That is very nearly the size of the Obama Administration stimulus package. The one that we were told we had to have lest the economy curls up in a fetal position.
The Administration got its package. Behold its effects:
It’s not surprising that the much-ballyhooed “economic stimulus” hasn’t done much stimulating. President Obama and his aides argue that it’s too early to expect startling results. They have a point. A $14 trillion economy won’t revive in a nanosecond. But the defects of the $787 billion package go deeper and won’t be cured by time. The program crafted by Obama and the Democratic Congress wasn’t engineered to maximize its economic impact. It was mostly a political exercise, designed to claim credit for any recovery, shower benefits on favored constituencies and signal support for fashionable causes.
As a result, much of the stimulus’s potential benefit has been squandered. Spending increases and tax cuts are sprinkled in too many places and, all too often, are too delayed to do much good now. Nor do they concentrate on reviving the economy’s most depressed sectors: state and local governments; the housing and auto industries. None of this means the stimulus won’t help or precludes a recovery, but the help will be weaker than necessary.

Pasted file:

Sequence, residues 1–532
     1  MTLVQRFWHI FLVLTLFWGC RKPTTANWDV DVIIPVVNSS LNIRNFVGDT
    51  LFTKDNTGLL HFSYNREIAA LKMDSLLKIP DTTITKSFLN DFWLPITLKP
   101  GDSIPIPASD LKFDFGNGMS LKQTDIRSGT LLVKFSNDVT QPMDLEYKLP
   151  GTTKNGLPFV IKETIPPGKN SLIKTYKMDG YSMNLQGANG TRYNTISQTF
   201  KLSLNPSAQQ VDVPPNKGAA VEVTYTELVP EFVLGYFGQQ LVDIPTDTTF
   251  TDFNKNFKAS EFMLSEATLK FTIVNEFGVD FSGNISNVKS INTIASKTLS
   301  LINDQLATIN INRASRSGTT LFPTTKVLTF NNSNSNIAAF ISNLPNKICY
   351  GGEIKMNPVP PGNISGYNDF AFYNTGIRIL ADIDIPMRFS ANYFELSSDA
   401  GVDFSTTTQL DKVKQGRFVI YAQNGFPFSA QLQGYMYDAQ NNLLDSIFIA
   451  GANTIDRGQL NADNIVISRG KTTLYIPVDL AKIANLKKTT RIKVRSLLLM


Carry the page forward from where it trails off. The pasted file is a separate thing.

How much is hard to determine. By year-end 2010, the package will result in 2.5 million jobs, predicts Mark Zandi of Moody’s Economy.com. But as Zandi notes, all estimates are crude. They involve comparing economic simulations with and without the provisions of the stimulus. The economic models must make assumptions about how fast consumers spend tax cuts, how quickly construction projects begin and much more.
Depending on the assumptions, the results vary. When the Congressional Budget Office made job estimates, it presented a range of 1.2 million to 3.6 million by year-end 2010. Whatever the actual figures, they won’t soon mean an increase in overall employment. They will merely limit job losses. Since late 2007, those have totaled 6.5 million, and there are probably more to come.
All of this makes the effort to cover up information understandable, doesn’t it? Oh, and a larger stimulus package in the future will do nothing, as the editorial points out.
We wasted nearly eight hundred billion dollars in a big, giant, rent-seeking exercise designed to aggrandize the power, and satisfy the agendas of Democratic interest groups. I would call for hearings on this issue, except that the Administration is not solely culpable for the disaster that is the stimulus package. Democrats in Congress who voted for the package–and the three Republicans in the Senate who joined them–are responsible for this debacle too.
Nearly. Eight. Hundred. Billion. Dollars got wasted on the watch of this Administration, and this Congress. That’s worth remembering in 2010, and 2012, since elections are supposed to have consequences.